from scipy.stats import gaussian_kde

# Generate fake data
x = np.random.normal(size=1000)
y = x * 3 + np.random.normal(size=1000)

# Calculate the point density
xy = np.vstack([x,y])
z = gaussian_kde(xy)(xy)

# Sort the points by density, so that the densest points are plotted last
idx = z.argsort()
x, y, z = x[idx], y[idx], z[idx]

fig, ax = plt.subplots()
ax.scatter(x, y, c=z, s=50, edgecolor='')
plt.show()

enter image description here

| improve this answer | |
  • 4
    Clever, especially getting the 'densest' ones on top :) – askewchan Nov 21 '13 at 3:42
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    @Leszek - Ether call plt.colorbar(), or if you'd prefer to be more explicit, do cax = ax.scatter(...) and then fig.colorbar(cax). Be aware that the units are different. This method estimates the probability distribution function for the points, so the values will be between 0 an 1 (and typically won't get very close to 1). You can convert back to something closer to histogram counts, but it takes a bit of work (you need to know the parameters that gaussian_kde estimated from the data). – Joe Kington Jun 28 '14 at 13:58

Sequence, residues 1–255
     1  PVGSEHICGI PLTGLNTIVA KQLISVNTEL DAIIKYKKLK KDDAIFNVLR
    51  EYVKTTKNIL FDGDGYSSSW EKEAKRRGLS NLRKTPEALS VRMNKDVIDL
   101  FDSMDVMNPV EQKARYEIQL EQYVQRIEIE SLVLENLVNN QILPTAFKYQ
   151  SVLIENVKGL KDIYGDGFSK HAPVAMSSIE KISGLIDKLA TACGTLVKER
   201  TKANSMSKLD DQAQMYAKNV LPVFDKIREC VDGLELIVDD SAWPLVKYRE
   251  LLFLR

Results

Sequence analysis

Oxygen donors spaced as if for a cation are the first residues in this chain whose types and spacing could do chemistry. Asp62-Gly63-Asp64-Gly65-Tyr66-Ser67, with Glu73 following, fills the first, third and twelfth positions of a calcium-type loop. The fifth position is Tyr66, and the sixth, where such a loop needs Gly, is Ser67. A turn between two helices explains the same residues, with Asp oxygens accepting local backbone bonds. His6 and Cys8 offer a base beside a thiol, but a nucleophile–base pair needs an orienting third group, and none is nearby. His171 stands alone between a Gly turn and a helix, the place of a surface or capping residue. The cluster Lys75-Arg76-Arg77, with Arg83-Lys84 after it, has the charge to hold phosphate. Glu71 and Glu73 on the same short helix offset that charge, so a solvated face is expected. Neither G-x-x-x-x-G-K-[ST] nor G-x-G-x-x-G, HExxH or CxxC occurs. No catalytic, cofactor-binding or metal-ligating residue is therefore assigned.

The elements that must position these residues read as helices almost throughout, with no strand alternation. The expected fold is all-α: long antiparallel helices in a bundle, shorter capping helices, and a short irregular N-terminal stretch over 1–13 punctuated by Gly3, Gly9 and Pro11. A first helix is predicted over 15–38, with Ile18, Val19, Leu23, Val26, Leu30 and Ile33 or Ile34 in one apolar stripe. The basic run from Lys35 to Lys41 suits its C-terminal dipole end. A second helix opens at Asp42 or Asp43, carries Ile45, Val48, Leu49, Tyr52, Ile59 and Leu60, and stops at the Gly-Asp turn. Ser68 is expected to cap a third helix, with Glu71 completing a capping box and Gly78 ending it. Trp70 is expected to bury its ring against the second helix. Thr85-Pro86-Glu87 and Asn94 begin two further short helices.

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    Very nice! Checking out other KDEs in Python can also be useful: jakevdp.github.io/blog/2013/12/01/kernel-density-estimation and scikit-learn.org/stable/modules/density.html In my case scipy.stats' KDE was taking too long – Rems Feb 24 '15 at 10:43
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    Why is Gaussian kernel called twice with (xy)? – Arjan Groen Aug 31 '17 at 5:24